|Satellite DSL and WiFi|
Data security on a generic connection can be implemented on various levels. Normally on terrestrial sections, an end-to-end VPN is implemented through a GRE or IP Sec tunnel or other protocols, using relatively simple devices/software and configurations.
In many cases, 'consumer' customers simply need to have the channel protected along its terrestrial section, from the access point of the teleport to the public internet to the designated site. In this case, VPN-based solutions (GRE or IP Sec tunnel or other) between the teleport and the customer's site are still sufficient.
In more sensitive cases, also the satellite section must however be protected and this is ensured by most satellite modem manufacturers using specific protocols and functions that may be set up directly on the end modulator-demodulators.
When the Encryption function is enabled, the processor will encrypt all the outbound traffic on the satellite WAN interface and will perform the inverse operation for all the traffic received on this interface.
Channel Activity - to simulates channels with a constant energy density (channels always full of traffic even when use is limited, e.g. VoIP).
This requirement is implicitly satisfied in SCPC connections. On TDMA networks, the traffic generated on the Inbound channel is intermittent due to its nature so it would be simple for an observer equipped with a spectrum analyser to identify peak traffic times and probable position of the remote stations, creating potential indirect security problems. To solve this problem, iDirect has created the 'free slot allocation' algorithm, which makes sure that the inbound channel has a constant energy density, even when its use is limited. Another problem with TDMA networks is that an observer could easily identify the remote station acquisition periods, which could indirectly indicate a movement of troops in progress. iDirect solves this problem by sending dummy acquisition bursts, so observers would see a completely random trend of the acquisition cycles.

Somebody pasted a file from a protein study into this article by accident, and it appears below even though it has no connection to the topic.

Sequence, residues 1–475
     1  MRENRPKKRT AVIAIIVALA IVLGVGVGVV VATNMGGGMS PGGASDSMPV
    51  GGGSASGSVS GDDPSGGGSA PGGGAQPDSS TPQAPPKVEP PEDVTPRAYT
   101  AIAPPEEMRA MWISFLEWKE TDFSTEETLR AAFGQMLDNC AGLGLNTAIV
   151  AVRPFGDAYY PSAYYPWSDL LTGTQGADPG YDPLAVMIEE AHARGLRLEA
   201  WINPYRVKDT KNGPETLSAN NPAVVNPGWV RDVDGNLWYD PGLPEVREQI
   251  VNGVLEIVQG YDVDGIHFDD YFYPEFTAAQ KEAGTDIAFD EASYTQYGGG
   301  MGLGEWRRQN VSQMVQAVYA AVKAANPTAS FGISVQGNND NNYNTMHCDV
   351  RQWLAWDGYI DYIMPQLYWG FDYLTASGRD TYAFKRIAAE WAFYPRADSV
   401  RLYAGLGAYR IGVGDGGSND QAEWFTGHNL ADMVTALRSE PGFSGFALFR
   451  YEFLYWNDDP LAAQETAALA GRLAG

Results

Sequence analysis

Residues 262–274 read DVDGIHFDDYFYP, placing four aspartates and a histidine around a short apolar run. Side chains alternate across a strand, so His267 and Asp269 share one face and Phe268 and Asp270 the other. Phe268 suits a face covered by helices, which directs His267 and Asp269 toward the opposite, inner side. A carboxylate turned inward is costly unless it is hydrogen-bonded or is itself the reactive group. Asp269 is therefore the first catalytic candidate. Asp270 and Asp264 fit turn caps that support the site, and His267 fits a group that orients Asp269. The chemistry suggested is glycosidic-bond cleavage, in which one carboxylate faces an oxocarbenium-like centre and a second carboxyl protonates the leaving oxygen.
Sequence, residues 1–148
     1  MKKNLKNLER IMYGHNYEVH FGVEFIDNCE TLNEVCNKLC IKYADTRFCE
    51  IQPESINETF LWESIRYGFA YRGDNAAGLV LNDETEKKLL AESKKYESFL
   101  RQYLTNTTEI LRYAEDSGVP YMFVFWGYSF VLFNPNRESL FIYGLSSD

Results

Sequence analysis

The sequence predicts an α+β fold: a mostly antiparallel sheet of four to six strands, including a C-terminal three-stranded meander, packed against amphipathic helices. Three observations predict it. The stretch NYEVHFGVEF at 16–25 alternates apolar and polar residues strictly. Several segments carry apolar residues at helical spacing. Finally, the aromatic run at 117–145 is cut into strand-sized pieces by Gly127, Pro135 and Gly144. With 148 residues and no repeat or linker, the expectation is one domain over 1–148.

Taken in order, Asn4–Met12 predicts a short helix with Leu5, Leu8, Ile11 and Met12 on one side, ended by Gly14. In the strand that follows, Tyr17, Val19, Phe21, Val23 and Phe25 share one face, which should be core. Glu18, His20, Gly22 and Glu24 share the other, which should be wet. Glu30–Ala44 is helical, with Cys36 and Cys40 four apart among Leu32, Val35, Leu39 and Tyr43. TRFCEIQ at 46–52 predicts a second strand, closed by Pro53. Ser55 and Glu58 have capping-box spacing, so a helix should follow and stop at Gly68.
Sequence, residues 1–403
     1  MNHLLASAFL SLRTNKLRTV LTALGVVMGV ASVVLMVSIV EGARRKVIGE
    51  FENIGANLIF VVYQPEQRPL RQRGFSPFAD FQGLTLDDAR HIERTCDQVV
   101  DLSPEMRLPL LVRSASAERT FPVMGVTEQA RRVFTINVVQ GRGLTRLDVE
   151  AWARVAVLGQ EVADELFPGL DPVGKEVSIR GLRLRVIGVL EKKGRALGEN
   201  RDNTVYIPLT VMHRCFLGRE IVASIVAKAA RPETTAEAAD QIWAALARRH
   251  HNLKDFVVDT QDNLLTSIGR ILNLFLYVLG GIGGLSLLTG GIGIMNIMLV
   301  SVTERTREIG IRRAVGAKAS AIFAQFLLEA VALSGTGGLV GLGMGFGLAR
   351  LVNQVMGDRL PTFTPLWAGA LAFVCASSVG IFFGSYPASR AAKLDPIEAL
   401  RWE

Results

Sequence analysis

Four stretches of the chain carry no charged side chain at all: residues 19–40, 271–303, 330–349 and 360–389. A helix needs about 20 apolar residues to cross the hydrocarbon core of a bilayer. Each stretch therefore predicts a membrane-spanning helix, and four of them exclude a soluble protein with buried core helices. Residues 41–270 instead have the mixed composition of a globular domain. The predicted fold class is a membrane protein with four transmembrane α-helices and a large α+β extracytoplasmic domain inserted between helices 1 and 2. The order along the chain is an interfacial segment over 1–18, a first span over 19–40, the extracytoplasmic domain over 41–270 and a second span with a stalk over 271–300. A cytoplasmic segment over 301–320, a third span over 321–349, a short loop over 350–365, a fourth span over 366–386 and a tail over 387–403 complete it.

Control Channel Information: to hide IP protocol information On TDMA networks, even with AES encryption, some information such as the header of IP packets (which contains sender and recipient addresses, ToS, ...), travel unencrypted.
Although the contents of the packet cannot be accessed through this information, they may help the intruder identify the type of communication in progress, for example, VoIP and Video (which could indicate strategic communications) as opposed to generic communications (such as web or mail). The only way of solving this problem is full layer 2 encryption. iDirect has implemented the 'FIPS 140-2 certified 256 bit keyed AES encryption' for all of layer 2 and the control information.
Hub and Remote Unit Validation: to make sure that the remote stations on a specific network are authorized. Also in this case, a TDMA network is more at risk that an intruder may obtain the authorization illegally and transmit through a remote station. To solve this problem, on TRANSEC networks, iDirect uses a X.509 certification system, which implements public-key RSA encryption. The certificates are generated by the NMS (which is in the HUB) or supplied by third parties, and are installed on all the Line Cards and in all the Protocol Processors involved in the TRANSEC network. The teleport devices (line card and protocol processor) have the public key of all the remote stations enabled to use that network, and all the remote stations have the public key of the teleport devices. In this way, only authorized remote stations can be acquired on the network concerned.